ghosting [ˈɡōstiNG] noun
the practice of ending a personal relationship with someone by suddenly, and without explanation, withdrawing from all communication
We’ve all been there. You’re talking to someone new and things are going well. You’ve made plans to meet up and you’re looking forward to it, but when the day and time arrives, the other party never shows. Or maybe they do show up, and you’re having a great time talking and hanging out. But then they excuse themselves for one reason or another, and you never see them again the rest of the night. Or month.
Ghosting happens in professional settings (specifically, in the hiring pipeline) just as often as in social settings. It’s not only frustrating, it’s a huge waste of time and a drain on resources. But what can you do to keep from getting ghosted on interviews and new hire start days? And what causes job applicants to ghost potential employers in the first place?
Why Applicants Are Ghosting You
Ghosting is most commonly discussed in a dating context, and that frame of reference can help us understand the psychology at play in any kind of ghosting, professional or personal. There are a few common reasons that people ghost in dating:
1. They’re just not that into you.
After spending some time getting to know a job applicant through messages and interviews, it could be that the applicant decided they simply aren’t a good fit for your organization, or vice versa. Since the relationship is so new and undeveloped, the applicant may not feel that they “owe” you anything, including the decency to let you know they’ve moved on.
2. They get too busy and priorities change.
Maybe they were ready for a new job when they first applied, but life can throw curve balls quickly. Whether it's a drastic update at home or in the workplace, applicants might ghost you if they’ve had a sudden change of heart about starting a new job.
3. Too much time passed by.
Relationship-building is a two-way street. If an employer doesn’t stay engaged with a candidate and communicate regularly, it’s hardly surprising that candidates will respond in kind with silence...and interest in other employers.
4. The impersonal landscape makes it easy.
Dating apps make it easy to forget that there’s a human being on the receiving end of our interactions, and thus easier to throw social norms out the window. The same thing happens in hiring with impersonal, automated emails and voice messages; when an applicant receives canned replies from an employer, they feel less pressure to return the message.
5 Tips for Keeping Applicants Engaged
The common thread in all these reasons for ghosting is failure (or inability) to communicate in a timely and transparent manner. Here are five tips for talking to job applicants in a way that will keep them engaged and prevent you from getting ghosted.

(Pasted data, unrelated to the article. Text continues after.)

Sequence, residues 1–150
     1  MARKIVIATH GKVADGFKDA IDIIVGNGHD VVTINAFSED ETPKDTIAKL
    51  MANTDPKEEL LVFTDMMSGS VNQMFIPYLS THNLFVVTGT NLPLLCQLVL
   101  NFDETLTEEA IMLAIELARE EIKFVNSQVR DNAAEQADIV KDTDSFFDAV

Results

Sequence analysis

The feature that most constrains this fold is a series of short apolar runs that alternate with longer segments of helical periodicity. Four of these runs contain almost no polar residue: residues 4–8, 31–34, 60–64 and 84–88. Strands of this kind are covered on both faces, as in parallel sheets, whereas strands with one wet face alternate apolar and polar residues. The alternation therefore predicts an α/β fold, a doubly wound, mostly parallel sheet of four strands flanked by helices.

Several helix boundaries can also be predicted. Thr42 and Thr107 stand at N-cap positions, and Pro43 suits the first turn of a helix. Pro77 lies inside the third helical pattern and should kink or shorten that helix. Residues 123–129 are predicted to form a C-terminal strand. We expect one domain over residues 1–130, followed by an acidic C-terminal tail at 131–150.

1. Start talking to applicants quickly.
Watch your job postings closely and respond to applicants almost immediately. If you wait too long to get in touch, they’re likely to interview and accept an offer elsewhere before you’ve even started talking to them.
2. Confirm interview appointments and send reminders.
How many times have you been saved by a reminder for an appointment that you completely forgot about? Give your candidates the same regard by sending messages to confirm appointments.
3. Shorten your interviewing and hiring process.
The longer it takes to move from “applied” to “hired,” the more time candidates have to evaluate other options. Take a close look at all the phases in your hiring process and look for ways to eliminate unnecessary steps.
4. Keep them engaged as you move them through your process.
The key to not getting ghosted at an interview is timely and transparent communication leading up to the interview, so check in with the applicant frequently, even if there’s been no change in their status with your company.
5. After they accept the job offer, keep engaging with them.
This speeds up orientation by completing paperwork or watching training videos ahead of time, but it also shows interest and excitement on behalf of the employer, which can deter applicants from continuing to search for other opportunities after they've accepted your offer.
There’s no way to be 100% sure you won’t be ghosted at an interview, but it all comes down to the platinum rule: treat other people as they want to be treated. That means touching base regularly (via text message) once someone applies, and creating a positive, engaging experience every step of the way to hiring them. Find out how Team Engine can help you do both with a demo and free trial.